Implementing Saga Timeouts


(Steve Ichniowski) #1

In reference to the RetailDemo in the Particular documentation and sagas, how would a timeout be used if the shipping logic took too long to complete? The documentation says this about sagas and timeouts:

“In the next lesson ( Coming Soon ) we’ll see how using timeouts enables us to add the dimension of time to our business policies, allowing us to send messages into the future to wake up our saga and take action, even if nothing else is happening.”

There is some documentation about saga timeouts here:
https://docs.particular.net/nservicebus/sagas/timeouts

but I am not understand the code snippet on that page fully how I would apply that to the RetailDemo if shipping where to take too long. Also what if for shipping, and exception is thrown instead of a timeout, and all recovery fails? I would like to publish a ShippingCanceled message if recovery fails. Failures can be caused by never recovering as well as timeouts for the first attempt to ship.


(Szymon Pobiega) #2

Hi Steve

In that lesson the ShipOrder message is handled by ShipOrderHandler that does nothing. We can imagine that this handler actually invokes a shipping company web service providing the package data and pick up time and location. If everything goes fine the business process is over.

Now what happens if the shipping company web service is down? If ShipOrder is handled by an ordinary handler and that handler does not do any error handling, NServiceBus recoverability built-in feature makes sure that the ShipOrder command processing is retried. By default there are several immediate attempts to process it (all fail because the web service is down) and then the message processing is delayed by some time. When that time passes, NServiceBus attempts to process the message again. Eventually the message ends up in the error queue and is picked up by ServiceControl. It can be returned to the queue via ServicePulse.

The failure handling mechanism described above is usually appropriate for technical failures i.e. when there is a deadlock or the whole database goes down. In such cases usually the built-in retry mechanism is able to resolve the problem. In the case of external provider (such as shipping company) there are likely business rules around downtime i.e. if UPS does not respond withing 30 minutes, use FedEx (or vice versa). In that case you don’t want to manually retry the message from ServiceControl. You need to handle the ShipOrder command in a dedicated saga. Here’s how that saga can look like.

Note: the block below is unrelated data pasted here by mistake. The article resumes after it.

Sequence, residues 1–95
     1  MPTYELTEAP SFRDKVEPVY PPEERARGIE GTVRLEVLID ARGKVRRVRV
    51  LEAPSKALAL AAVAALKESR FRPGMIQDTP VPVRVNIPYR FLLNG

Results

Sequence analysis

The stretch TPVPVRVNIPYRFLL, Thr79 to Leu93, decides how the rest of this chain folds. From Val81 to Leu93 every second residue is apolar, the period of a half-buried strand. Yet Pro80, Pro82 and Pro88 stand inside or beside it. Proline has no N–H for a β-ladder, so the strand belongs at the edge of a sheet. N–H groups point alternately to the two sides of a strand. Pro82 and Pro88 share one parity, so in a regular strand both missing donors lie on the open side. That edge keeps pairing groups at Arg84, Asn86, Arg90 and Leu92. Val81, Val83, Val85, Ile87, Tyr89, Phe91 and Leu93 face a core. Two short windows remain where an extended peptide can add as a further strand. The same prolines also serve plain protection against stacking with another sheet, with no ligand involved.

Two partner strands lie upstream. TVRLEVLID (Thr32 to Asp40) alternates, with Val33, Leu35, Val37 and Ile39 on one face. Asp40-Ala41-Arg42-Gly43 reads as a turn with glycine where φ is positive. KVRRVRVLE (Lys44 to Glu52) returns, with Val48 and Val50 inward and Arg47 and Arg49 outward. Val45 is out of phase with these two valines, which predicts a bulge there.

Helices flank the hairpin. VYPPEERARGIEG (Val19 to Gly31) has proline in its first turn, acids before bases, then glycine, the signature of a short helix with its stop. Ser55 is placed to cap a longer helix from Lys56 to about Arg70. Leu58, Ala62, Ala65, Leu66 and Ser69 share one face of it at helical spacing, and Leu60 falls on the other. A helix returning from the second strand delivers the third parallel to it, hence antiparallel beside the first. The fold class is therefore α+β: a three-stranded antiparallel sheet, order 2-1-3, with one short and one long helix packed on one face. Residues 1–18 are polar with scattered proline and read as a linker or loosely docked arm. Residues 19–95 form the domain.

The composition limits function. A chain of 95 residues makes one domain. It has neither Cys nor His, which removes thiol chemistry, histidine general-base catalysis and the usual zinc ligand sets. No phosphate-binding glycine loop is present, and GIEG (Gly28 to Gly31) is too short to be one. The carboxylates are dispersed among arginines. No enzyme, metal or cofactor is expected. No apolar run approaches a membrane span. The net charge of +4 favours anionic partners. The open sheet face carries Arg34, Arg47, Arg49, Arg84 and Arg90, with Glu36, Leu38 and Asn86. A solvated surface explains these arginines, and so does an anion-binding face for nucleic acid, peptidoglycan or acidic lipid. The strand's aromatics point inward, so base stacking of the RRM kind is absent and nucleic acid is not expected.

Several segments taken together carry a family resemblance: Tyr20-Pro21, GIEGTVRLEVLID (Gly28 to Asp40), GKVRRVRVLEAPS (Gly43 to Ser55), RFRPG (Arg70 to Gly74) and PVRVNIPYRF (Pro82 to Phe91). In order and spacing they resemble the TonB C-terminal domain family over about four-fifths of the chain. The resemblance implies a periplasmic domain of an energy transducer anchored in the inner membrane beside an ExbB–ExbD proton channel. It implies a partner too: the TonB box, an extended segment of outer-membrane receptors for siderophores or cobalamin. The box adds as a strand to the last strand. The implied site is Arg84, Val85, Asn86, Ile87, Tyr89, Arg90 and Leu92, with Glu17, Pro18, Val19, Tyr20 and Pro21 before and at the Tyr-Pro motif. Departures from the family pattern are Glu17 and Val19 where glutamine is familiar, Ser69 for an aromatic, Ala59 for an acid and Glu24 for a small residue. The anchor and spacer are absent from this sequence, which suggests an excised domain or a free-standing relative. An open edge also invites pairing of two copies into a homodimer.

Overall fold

The saga is started by ShipOrder command and immediately sends the ArrangeParcelPickup message to the UPS integration endpoint. Given that UPS unavailability is a problem we want to handle at the business (not infrastructure) level, that handler does something like this:

try
{
   var result = CallUPS();
   return context.Reply(new ParcelPickupConfirmed(result));
}
catch
{
   return context.Reply(new ShippingServiceUnavailable());
}

The shipping saga reacts on ParcelPickupConfirmed message (the happy path) and completes the process. It handles ShippingServiceUnavailable by either scheduling a timeout (if the 30 minute window has not elapsed yet) or switches to FedEx

Task Handle(ShippingServiceUnavailable msg, IMessageHandlingContext context)
{
   Data.UPSAttempts++;
   if (Data.UPSAttempts > 5)
   {
      return Send("FedEx", new ArrangeParcelPickup());
   }
   return RequestTimeout<RetryArrangeParcelPickup>(context, TimeSpan.FromMinutes(5));
}

The result is that the saga attempts to contact UPS every 5 minutes for 30 minutes and, if that fails, it switches to a different shipping company. The saga can be easily generalised so that it uses a list of shipping companies arrange in order of preference.

The key points here are:

  • The unavailability of a third party web service should be dealt with at the business level (code in the handler) rather than infrastructure layer (built-in retries)
  • The saga should not directly call any web services. It should use messaging to orchestrate integration endpoints that themselves call the third party web service (single responsibility FTW!)
  • The timeouts in the saga can be used to define sophisticated retry policy aligned with the business needs (in this example retry every 5 minutes)

Hope it makes sense,
Szymon